2 stars With a muddled track listing (who puts a bonus track remix in the middle of their album's running order?), The Kentish Spires' debut album finds them occupying a hinterland between fusion and Canterbury and folk with mild elements of each, but the ingredients don't quite come together in a pleasing fashion for me. Tossing out lyrics about incursions of foreigners polluting Kentish bloodlines is a bit of a dogwhistle, at that, and in general the band seem to be throwing a lot of ideas at the wall and seeing what sticks here. It's got promising aspects, but they need to decide what flavour of Canterbury they actually want to gun for, because trying to cram in everything from 1960s pop a la early Caravan to long fusion-tinted epics into a single album is just coming across as messy here.
 Sprezzatura by KENTISH SPIRES, THE album cover Studio Album, 2019
3.05 | 11 ratings

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Sprezzatura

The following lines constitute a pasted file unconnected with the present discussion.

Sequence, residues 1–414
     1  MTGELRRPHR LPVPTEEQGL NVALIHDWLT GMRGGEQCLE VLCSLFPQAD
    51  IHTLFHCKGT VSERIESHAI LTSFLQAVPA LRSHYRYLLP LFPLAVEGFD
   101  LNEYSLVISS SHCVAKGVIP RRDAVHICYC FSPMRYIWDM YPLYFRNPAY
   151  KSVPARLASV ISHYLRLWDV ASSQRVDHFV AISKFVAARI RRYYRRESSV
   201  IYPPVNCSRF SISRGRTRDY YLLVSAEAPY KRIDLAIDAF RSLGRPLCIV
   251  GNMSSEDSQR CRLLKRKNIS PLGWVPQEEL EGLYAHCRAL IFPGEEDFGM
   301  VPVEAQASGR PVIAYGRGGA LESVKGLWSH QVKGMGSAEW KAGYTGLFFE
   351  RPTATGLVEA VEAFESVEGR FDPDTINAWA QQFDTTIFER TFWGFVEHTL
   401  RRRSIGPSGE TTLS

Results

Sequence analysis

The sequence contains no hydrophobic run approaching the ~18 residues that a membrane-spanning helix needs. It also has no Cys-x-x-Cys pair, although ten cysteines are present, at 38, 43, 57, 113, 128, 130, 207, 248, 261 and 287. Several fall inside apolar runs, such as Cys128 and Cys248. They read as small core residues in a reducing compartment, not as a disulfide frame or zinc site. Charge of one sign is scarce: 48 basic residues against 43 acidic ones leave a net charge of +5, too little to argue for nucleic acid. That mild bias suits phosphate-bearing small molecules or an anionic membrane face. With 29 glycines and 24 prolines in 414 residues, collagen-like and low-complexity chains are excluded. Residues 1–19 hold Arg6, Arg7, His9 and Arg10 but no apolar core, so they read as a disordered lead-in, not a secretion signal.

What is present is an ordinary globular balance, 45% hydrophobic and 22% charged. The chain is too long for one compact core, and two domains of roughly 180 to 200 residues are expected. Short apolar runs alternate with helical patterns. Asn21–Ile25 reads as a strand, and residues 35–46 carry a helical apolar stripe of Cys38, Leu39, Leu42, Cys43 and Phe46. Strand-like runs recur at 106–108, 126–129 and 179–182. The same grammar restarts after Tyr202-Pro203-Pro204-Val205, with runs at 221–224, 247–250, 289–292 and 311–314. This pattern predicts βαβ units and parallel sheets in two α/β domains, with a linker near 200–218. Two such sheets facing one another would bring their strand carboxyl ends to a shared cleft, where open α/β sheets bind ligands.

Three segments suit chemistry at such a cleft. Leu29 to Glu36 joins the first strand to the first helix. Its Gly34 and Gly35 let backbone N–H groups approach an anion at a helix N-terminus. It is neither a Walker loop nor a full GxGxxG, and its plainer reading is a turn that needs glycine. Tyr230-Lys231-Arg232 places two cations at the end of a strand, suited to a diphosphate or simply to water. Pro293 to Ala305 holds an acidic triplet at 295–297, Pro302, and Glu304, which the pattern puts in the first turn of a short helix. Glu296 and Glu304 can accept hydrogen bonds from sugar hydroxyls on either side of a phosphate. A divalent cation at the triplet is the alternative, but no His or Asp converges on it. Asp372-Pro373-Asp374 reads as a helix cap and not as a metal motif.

The Kentish Spires Canterbury Scene

Review by kev rowland
Special Collaborator Honorary Reviewer

3 stars I was mightily impressed with the debut release of The Kentish Spires, and I was really looking forward to this, the second. The core of the band has stayed the same in Lucie Vox (vocals/violin), Danny Chang (guitars, keyboards, backing vocals), Phil Warren (bass) and Rik Loveridge (keyboards, guitar) but they have now been joined by James Hall on drums and percussion along with woodwind player Chris Egan. Both albums strongly feature the vocals of Lucie as an audible focal point, and for the most part that works very well indeed. They are embedded in the Canterbury scene, and when the band are driving forward with strong guitars, piano, vocals and sax they are definitely a force to be reckoned with. But I am not sure if this album has come out slightly too quickly on the heels of the last one, as there are also moments when the band seems to drift a little, or the vocals jar just slightly.